1. Living Donation: The Gold Standard

  1. Nizam Mamode2 and
  2. Raja Kandaswamy3
  1. Leonardo V. Riella and
  2. Anil Chandraker

Published Online: 23 DEC 2012

DOI: 10.1002/9781118483664.ch1

Abdominal Organ Transplantation: State of the Art

Abdominal Organ Transplantation: State of the Art

How to Cite

Riella, L. V. and Chandraker, A. (2013) Living Donation: The Gold Standard, in Abdominal Organ Transplantation: State of the Art (eds N. Mamode and R. Kandaswamy), John Wiley & Sons, Ltd, Chichester, UK. doi: 10.1002/9781118483664.ch1

Editor Information

  1. 2

    Guy's and St Thomas' Hospital, Great Ormond Street Hospital, London, UK

  2. 3

    Department of Surgery, University of Minnesota, Minneapolis, MN, USA

Author Information

  1. Renal Division, Brigham and Women's Hospital, Harvard Medical School, Boston, MA, USA

Publication History

  1. Published Online: 23 DEC 2012
  2. Published Print: 12 FEB 2013

ISBN Information

Print ISBN: 9781444334326

Online ISBN: 9781118483664



  • living-donor transplantation;
  • live donor;
  • end-stage kidney disease;
  • ESKD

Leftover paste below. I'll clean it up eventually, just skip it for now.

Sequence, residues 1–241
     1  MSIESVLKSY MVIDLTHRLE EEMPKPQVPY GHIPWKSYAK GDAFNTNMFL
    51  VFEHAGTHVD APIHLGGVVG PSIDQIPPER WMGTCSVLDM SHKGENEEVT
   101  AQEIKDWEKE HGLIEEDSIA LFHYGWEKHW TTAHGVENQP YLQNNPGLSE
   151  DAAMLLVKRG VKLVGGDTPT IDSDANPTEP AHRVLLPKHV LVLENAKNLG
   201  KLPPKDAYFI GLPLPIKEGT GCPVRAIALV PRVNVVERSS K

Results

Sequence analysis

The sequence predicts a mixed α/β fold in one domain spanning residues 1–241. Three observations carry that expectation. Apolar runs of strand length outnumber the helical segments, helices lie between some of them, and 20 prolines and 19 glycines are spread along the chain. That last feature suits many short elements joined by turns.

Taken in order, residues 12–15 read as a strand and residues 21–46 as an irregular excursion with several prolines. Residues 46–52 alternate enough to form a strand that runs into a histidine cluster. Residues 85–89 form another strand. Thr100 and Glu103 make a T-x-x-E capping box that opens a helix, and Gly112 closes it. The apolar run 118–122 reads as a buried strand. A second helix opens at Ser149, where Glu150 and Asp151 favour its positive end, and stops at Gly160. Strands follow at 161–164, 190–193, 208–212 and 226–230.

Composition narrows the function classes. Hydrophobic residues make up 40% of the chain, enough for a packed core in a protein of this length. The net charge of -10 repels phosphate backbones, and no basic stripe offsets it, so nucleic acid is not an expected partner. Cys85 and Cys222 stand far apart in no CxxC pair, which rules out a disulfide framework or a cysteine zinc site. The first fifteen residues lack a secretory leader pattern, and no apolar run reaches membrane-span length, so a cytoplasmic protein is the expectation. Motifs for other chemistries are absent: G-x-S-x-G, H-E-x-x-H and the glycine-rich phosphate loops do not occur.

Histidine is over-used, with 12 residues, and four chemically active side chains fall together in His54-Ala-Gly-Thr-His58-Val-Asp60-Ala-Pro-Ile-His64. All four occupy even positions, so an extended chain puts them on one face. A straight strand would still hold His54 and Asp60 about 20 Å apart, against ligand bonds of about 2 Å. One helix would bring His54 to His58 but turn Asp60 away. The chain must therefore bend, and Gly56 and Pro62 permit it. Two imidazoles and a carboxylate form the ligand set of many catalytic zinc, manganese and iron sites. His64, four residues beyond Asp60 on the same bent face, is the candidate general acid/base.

The introduction of immunosuppressive drugs such as azathioprine, prednisone, and later calcineurin inhibitors has led to better transplant outcomes and, along with technical breakthroughs, expanded the pool of organs available to deceased and human leukocyte antigen (HLA) -mismatched donors. Kidney transplantation has become the preferred therapeutic option for patients with end-stage kidney disease (ESKD), leading to better patient survival and quality of life. It is also more cost-effective than dialysis. Unfortunately, the incidence of ESKD has risen steadily in the past several decades, creating a shortage of available organs for patients on the kidney-transplant waiting list. This growth in ESKD is related to the increased incidence of diabetes, obesity, and hypertension, combined with the improvement in treatment for concurrent health problems such as ischemic heart disease and stroke. The supply of organs from deceased donors has not followed the same upward trend, resulting in an ever-widening gap between eligible potential transplant recipients and available organs.